13. If someone in Spain, Greece, Germany, the rest of the Divided States of Europe and the rest of the world doesn’ t – still – understand the current economic and political deadlock after your analysis above, he/she should better stop reading and start farming tomatoes! In any case, he/she should be in no position of making important decisions and choices of any kind, not even of his/her household.

    Regrettably though, this is exactly the case: people who do not understand what they are doing, are doing exactly what they are supposed not to do, cause people who know exactly what to do and how to do it for securing their interests and avoiding the consequences of past crimes, create new crimes to hide the past, through the exact same people who created the old ones! All of them together hope they will escape the Catharsis, which would resolute the Greek Drama, the Spanish Drama and the rest of the European peoples’ Dramas, whether they are “in due process” or “under development”!

    Will they escape? Will People lose from a bunch of banksters and their political puppets? Or will the people get their power back, before it is too late and they are left with governments without powers, as you say? This is the real question you pose it loud and clear! Only deaf cannot hear it, but still they also can read it! There is no excuse no more: we all know, we are all Greeks, we have no time, Europe falls if we change not the equation! So, let’s CHANGE direction, let’s go Left instead of (extreme) right, let’s do it soon, cause I doubt there is a “later” on the map any more…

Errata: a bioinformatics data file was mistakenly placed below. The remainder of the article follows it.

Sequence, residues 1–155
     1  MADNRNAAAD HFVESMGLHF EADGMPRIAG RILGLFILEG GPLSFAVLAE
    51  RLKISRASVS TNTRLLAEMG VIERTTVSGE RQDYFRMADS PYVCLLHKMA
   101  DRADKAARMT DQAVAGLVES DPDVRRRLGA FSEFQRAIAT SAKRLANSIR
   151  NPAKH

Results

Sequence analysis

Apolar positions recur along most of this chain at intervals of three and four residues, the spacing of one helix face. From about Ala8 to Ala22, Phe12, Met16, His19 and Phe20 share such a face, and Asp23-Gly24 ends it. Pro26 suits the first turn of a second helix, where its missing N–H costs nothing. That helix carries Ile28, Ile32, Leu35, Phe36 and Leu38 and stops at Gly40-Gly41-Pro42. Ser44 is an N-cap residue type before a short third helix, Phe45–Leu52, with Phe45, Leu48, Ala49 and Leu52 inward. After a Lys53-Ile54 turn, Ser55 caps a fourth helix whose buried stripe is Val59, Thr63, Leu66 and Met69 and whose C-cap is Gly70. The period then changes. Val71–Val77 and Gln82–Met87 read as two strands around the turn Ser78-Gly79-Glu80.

14. Very hard to predict and to separate our hopes for what we’d like to happen from the actual prediction.

    The assumption that I think we share is that financial capital rules by creating money to fund assets that, for a while at least, rise in nominal value. It doesn’t allocate real money like bad textbooks say, and it doesn’t need the value of the assets to be supported by the fundamentals – indeed usually it isn’t.

    The crisis that we have now is the same one we’ve had since the 90s. First there was happy money creation and expansion into housing and, atypically and positively in Greece, infrastructure. Then it was realised that the nominal value of assets was unsupported by the market so it was socialised in an emergency. That was 2008. Now we have a vicious and treacherous defence of nominal asset values for some holders (core European capital, not peripheral pension funds) and a massive levy to transfer real value from a very impoverished society into the bankrups assets (austerity). Runaway deflation in peripheral Europe is a secondary effect.

    Where does this end? Currently it feels like the transfer of funds from core European taxpayers into their banks is an expensive way to prop up their balance sheets, while peripheral austerity no longer really buys anything. My optimistic assumption is that bourgeois and industrial capital in Europe will eventually wise up to this and kick out the financier-sided governments of Merkel and Cameron. If a pragmatic regime takes hold, losses can be wiped out overnight by turning them into an essentially permanent stock of Eurobonds, much like the US does when congress is sane. After a brief resetting period, the polar opposite of 2008 if you will, I’d expect a new cycle of financial expansion, asset price inflation, and real economy growth in whatever becomes the new overvalued sector, perhaps energy. The point is, that doesn’t require benevolence or great leadership. Greed is enough. The current deflationary phase can’t be profitable or exciting for capital, so I’d expect capital, unless it’s extremely and destructively short sighted, to end it and start pumping the next cycle of expansion. My guess is we’re looking at 2013-2015 as the inflexion point.